So excited about this review by Jurjen van der Hoek. I translated it into English for the non Dutch readers, translations below the screenshots with the original Dutch text.
UPDATE: All profits of this artist book are donated to MSF, to help with COVID-19 projects around the world. I has been printed on a limited edition of 100, and can be ordered, for €20 ex shoipping costs, through me, by e-mail: firstname.lastname@example.org
Empty hands, a document to remember
An imaginary description of a period in her own life. An autobiographical moment. A memoir contained in a small art book. A memo to remember. But I think she would like to leave this memory behind as soon as possible. But Maartje Jaquet turns the bad side into a positive side. A year ago she was part of the corona pandemic. She transforms that setback, that being sick, into a better being. It was terrifying, she writes in the preface “a year later” to the mixed media release. But she recovered, thankfully.
On her many walks through the city, with her camera ready to observe and capture the unnoticed life along the street. Along the way, she finds discarded latex gloves, taken off carelessly. These re-formed forms, because what once should have been suitable hands fade without content, Maartje Jaquet relates to herself. They have a story to tell her. About her own condition, from then, a year ago. Through all those white transparent covers, once shaping into the hands who carried them, she sees herself lying back in that bed. Deathly ill, helpless. Hands helped her to her feet. Supported and assisted her. And she recovered.
Those gloves had been there to help, once there were supporting hands inside them. From a certain distance, because impersonal, with a thin layer of plastic between the physical contact. Fearful of taking over or spreading the disease, social life is deprived of warm protective hands. The latex feels cold, but thinks it isn’t. It serves a purpose. Now, the empty gloves a have been thrown away, dirty and thumbed. The now empty gloves let themselves be carried away by the wind, the rain beats them down on the sidewalk. They are dead things, but in their deformation they tell a clear story. A story of “the intangibility of life, death, how small and powerless we are”. But Maartje also sees “the comfort of being together in this, wherever we are”.
These hand shapes are empty, leave a void, draw a lack. The title “empty hands” is a reality: the latex is meaningless, there is no more life in it. They soil the street like dead forms. Left inanimate, because the destination has been reached, but the goal has not yet been reached. That is why new forms are being pulled over other hands. But the molding hands in her book have become useless, as they have been left, carelessly along the way, on the stones. Maartje finds more and more of them with every step in her journey.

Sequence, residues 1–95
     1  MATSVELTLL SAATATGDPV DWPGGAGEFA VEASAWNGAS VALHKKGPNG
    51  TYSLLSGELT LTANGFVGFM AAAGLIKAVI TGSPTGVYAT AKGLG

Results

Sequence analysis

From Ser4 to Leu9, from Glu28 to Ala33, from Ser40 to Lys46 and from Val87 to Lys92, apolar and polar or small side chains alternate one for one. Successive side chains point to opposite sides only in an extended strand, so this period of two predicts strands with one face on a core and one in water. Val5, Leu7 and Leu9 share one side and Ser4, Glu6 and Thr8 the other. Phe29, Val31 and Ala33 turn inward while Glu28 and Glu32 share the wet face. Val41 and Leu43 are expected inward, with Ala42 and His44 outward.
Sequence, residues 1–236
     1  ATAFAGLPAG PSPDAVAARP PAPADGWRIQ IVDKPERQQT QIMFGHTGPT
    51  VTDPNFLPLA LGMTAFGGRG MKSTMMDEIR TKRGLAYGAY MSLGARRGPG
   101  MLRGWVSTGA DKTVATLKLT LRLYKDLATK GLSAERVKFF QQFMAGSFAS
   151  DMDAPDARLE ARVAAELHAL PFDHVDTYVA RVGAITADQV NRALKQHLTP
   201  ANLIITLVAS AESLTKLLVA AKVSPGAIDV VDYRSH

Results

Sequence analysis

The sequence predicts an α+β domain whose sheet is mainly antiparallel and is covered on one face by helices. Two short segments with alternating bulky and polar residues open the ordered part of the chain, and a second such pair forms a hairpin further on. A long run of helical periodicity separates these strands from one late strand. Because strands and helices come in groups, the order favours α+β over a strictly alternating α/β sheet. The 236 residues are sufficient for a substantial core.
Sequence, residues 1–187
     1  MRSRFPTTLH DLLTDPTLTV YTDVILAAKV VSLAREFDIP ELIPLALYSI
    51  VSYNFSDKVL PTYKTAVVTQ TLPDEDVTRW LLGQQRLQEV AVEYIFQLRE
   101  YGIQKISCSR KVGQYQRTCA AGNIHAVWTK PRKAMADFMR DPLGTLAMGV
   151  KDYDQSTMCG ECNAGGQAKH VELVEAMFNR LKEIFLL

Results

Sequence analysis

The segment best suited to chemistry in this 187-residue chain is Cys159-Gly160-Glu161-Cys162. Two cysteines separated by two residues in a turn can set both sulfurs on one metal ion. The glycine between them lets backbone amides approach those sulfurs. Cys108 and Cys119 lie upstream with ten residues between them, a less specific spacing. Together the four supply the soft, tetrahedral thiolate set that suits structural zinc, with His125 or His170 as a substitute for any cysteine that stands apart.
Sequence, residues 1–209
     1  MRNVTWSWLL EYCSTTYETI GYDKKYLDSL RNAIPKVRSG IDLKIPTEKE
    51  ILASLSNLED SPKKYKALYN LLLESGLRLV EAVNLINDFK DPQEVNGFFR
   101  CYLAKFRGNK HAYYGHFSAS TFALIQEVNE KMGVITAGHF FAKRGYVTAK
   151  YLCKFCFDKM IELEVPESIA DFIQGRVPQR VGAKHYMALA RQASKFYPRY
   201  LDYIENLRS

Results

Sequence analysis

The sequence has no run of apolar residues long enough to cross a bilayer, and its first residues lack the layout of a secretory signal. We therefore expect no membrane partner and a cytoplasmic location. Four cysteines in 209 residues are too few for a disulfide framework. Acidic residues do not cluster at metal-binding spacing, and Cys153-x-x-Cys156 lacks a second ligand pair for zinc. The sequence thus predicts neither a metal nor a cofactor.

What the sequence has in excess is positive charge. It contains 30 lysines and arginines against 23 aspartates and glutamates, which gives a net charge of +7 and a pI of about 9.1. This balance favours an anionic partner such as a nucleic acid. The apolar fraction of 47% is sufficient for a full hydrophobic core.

“Empty hands” is also proverbial for having nothing. No more good health after the touch of the virus – or worse no more life – no more loved one who has been taken over by death. The nurses, the doctors in this pandemic often are left empty-handed when people’s lives are blown away, orphaned, los under their hands.
This publication, a collaboration between three artists with three art forms and three languages from three continents, aims to be a document to safeguard the treasures of the street and the creative jewels that such a pandemic leaves behind in history. Maartje Jaquet photographed the empty hands. Canadian fellow artist Shelley Savor made abstract representations of the shapeless forms in a series of striking paintings. Moroccan writer and poet Baghdad el Masbahe translated the lyrics that Maartje poetically wrote in Dutch and English into a national dialect, Tarifit. In the release, all this merges into an inspired design. By placing transparent pages between the photo pages, paintings cover the images. The shapes coincide and gradually the recognizable shape is released. There’s only the emotion that resonates in the words. Words that first wonder and question, but comfor in the end. The hands may be empty, but they are no hollow vessels.
Edition “lege handen, ifassen ixwan, empty hands”. Photography, poetry and graphic design by and from Maartje Jaquet, paintings by Shelley Savor, translation by Baghdad el Mesbahe. Own publication, March 2021.
The artbook can be ordered through Maartje Jaquet for € 20,- excluding shipping costs: email@example.com